This week I downloaded an application called Exoplanets onto my iPhone. Not only does it have a list of confirmed extra-solar planets (some 825 and counting in the database), but it also has the ability to plot the discoveries in terms of mass, density, distance, semi-major axis, and many other variables. My favourite feature, however, is the button that reads “Milky Way”.
When you press this button, you are brought to a map of the Milky Way. This is no regular map though; it’s the most amazing map I’ve used in a long time. It’s cooler than Google Earth. And I think we’ve all spent hours zooming around in Google Earth. By using one finger and dragging, you can rotate the galaxy, and pinching with two fingers will zoom in. By tapping a star once you can centre the map there, and tapping twice takes you on a whirlwind journey closer and closer to the star until you can see the planet(s) orbiting it.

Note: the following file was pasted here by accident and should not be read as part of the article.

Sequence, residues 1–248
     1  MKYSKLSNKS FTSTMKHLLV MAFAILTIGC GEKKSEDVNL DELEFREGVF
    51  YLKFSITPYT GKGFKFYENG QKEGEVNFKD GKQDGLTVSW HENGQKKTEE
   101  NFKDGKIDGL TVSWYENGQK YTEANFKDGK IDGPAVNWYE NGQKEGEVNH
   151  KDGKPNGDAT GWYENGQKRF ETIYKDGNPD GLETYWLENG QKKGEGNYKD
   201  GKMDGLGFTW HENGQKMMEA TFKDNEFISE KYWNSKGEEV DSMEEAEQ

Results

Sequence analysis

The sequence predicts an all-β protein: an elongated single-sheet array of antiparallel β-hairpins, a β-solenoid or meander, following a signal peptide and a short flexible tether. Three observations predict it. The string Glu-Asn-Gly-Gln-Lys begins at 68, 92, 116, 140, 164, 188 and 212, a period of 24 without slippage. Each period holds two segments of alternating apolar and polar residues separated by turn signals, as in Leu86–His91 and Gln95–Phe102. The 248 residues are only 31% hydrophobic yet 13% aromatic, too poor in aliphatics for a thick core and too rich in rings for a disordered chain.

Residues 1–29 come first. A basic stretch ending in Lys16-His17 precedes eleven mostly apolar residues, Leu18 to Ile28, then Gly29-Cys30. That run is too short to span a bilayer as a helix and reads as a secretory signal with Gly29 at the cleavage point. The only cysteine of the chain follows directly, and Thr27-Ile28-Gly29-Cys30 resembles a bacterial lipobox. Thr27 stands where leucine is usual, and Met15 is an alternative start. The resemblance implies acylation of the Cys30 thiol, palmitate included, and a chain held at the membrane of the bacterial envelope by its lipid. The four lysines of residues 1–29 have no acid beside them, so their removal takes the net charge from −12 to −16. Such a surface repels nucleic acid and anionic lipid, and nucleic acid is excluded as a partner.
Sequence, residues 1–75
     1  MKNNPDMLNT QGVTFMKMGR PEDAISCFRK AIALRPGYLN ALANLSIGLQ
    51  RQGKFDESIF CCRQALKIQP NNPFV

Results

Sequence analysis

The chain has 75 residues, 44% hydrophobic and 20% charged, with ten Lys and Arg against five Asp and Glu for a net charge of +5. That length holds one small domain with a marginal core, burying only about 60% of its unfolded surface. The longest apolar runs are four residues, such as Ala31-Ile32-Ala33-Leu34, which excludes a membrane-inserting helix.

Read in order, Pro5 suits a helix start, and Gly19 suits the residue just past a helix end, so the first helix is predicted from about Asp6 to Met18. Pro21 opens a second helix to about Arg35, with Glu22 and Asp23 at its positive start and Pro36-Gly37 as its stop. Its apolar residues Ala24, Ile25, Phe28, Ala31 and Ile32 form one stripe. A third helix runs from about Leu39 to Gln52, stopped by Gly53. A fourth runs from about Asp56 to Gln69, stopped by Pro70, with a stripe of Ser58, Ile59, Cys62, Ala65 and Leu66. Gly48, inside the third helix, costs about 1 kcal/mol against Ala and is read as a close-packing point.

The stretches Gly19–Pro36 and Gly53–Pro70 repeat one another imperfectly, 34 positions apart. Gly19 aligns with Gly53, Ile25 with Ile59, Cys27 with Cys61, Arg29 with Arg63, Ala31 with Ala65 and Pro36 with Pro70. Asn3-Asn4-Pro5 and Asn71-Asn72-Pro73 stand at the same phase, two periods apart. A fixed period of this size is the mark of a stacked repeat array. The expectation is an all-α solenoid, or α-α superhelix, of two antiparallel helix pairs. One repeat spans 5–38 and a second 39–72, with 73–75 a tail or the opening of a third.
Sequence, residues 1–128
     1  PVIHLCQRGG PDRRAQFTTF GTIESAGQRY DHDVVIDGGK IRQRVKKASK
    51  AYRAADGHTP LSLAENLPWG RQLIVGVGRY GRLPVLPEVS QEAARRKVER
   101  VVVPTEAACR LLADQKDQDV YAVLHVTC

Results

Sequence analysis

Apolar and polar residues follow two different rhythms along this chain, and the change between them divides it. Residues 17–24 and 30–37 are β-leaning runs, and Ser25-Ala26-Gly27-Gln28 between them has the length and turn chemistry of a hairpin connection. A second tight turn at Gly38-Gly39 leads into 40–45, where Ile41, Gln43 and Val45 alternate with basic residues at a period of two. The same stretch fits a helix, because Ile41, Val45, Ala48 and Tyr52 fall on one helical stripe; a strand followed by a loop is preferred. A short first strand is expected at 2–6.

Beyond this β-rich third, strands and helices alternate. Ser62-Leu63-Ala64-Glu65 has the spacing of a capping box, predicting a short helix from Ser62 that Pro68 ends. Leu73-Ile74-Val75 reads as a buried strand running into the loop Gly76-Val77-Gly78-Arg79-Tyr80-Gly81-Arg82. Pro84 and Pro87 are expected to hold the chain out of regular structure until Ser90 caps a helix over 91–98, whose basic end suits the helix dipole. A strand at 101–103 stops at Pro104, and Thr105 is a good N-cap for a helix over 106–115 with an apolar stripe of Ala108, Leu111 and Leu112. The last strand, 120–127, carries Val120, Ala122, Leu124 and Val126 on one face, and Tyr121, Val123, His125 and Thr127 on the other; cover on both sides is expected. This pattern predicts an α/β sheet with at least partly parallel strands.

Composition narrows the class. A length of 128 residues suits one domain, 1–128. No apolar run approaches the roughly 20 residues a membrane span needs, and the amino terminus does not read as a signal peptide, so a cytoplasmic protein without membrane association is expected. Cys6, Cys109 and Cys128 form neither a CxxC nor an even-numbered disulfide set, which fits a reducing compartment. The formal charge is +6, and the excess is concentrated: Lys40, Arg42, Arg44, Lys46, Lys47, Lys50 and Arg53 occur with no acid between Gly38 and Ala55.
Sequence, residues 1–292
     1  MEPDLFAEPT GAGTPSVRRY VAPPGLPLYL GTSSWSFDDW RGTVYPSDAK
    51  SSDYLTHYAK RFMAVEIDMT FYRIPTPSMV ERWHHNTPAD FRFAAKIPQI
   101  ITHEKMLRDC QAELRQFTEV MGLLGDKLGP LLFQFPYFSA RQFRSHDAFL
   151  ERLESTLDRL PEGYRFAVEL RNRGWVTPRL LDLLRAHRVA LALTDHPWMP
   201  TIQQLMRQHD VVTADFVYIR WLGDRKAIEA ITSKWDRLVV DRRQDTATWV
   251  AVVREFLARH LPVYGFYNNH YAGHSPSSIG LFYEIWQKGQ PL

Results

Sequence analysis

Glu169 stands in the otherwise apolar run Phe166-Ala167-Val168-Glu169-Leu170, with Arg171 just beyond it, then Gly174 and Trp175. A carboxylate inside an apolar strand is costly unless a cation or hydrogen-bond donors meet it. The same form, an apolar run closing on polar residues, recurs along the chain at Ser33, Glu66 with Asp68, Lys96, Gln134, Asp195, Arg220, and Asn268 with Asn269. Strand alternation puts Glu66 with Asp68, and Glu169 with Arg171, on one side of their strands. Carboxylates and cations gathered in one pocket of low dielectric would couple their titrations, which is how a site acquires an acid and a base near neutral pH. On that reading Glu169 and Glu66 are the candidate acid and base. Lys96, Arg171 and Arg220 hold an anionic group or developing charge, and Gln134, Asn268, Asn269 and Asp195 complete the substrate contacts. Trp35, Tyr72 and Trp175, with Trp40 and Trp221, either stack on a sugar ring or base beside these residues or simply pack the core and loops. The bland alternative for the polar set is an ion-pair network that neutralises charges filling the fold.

The stars with exoplanets are coloured red and they are the only ones the app allows you to focus on. I find it interesting (although it totally makes sense) that the vast majority of red dots lie in the area around the Sun. Nearby stars appear much brighter and so they will be much easier to analyze for Doppler Shifts and for transits.
Another neat feature of this map is that the Earth’s constellations are drawn in the sky with white lines connecting the stars. When you zoom in to our Solar System, all of the shapes are recognizable. There is the Big Dipper, Orion, Cygnus, etc. When you zoom in to another star somewhat near the Sun, say HD 33654a, the stars that make up our constellations are still connected, but the shapes are totally different. This reminds me how arbitrary our constellations are. Not only can you draw most any shape from the bright stars in the sky, no two stars share the same sky; any shapes drawn on the night sky will be unique to the planet that draws them.